Moral Orel: Nature Part Two (season finale)
This is an early review.
This two-parter really made me hate Clay Puppington, and I don't think I can say that about any other cartoon character. Hell, Cartman from South Park has done tons of horrible things, even indirectly killed people, but watching Clay treat Orel so poorly and so dismissively made me want to break off his frail, wire-supported arms.
And that's a good thing, you know? I was glad I became so invested in this episode, and that I truly felt bad for what Orel was going through. There was no moment of revelation when his father realized what he had done -- like the title suggests, it's his father's nature to be cruel and self hating. To end the episode (and the season) any other way than Orel reflecting quietly on who his father really is wouldn't have worked.
The undercurrent of negative feelings that came bubbling up in this episode have been evident for some time, so it's not as if an emotionally-charged episode like this is a complete surprise. I might have asked for a little more humor to balance things out, but that's my desire as a viewer and most likely not what they were going for in this episode. That's not to say the episode was void of laughs, or that it was too heavy. I especially liked it when Orel's mother told him men and women had to get married so men and women didn't marry the same sex and have "fairysexuals."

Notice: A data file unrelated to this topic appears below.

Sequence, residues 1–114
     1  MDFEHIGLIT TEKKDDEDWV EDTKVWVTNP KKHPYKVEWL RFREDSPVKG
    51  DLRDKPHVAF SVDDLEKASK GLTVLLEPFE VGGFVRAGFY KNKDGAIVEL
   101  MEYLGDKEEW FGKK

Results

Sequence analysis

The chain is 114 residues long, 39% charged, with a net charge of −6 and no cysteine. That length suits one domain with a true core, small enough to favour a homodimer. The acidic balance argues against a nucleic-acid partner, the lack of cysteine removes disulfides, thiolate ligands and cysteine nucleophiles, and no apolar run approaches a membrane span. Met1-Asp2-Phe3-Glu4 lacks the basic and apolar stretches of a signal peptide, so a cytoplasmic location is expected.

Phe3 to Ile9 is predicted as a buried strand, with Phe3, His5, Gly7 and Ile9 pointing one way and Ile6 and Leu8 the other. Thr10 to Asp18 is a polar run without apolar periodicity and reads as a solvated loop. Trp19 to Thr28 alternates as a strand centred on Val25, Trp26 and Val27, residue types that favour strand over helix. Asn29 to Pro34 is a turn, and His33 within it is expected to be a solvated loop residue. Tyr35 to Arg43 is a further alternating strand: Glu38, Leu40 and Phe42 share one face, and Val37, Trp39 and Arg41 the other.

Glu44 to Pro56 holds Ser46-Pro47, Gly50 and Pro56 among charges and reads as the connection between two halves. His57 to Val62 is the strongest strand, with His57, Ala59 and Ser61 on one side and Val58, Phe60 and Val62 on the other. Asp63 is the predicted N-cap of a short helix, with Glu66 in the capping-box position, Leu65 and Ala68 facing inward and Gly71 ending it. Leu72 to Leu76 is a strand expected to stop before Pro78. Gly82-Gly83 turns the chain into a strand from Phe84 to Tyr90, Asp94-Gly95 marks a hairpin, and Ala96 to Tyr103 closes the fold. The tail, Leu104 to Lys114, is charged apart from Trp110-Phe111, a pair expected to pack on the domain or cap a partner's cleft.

In many ways, this darker episode had to happen. They could have kept hinting at Clay's self-loathing and Orel's growing disappointment in his father, but at some point that must come to a head. This explosion, undoubtedly, will form the foundation for season three, like a volcano gives birth to an island.
That's a terrible analogy, but my point is that Moral Orel shook itself up to move on to a new level, and I'm looking forward to what things will change and what things will stay the same come season three.
Oh yeah, I just checked my notes and forgot to mention the opening credit sequence in which Orel (doesn't) look up to God, but keeps his head down in prayer. Possibly the most sublime moment in the series so far.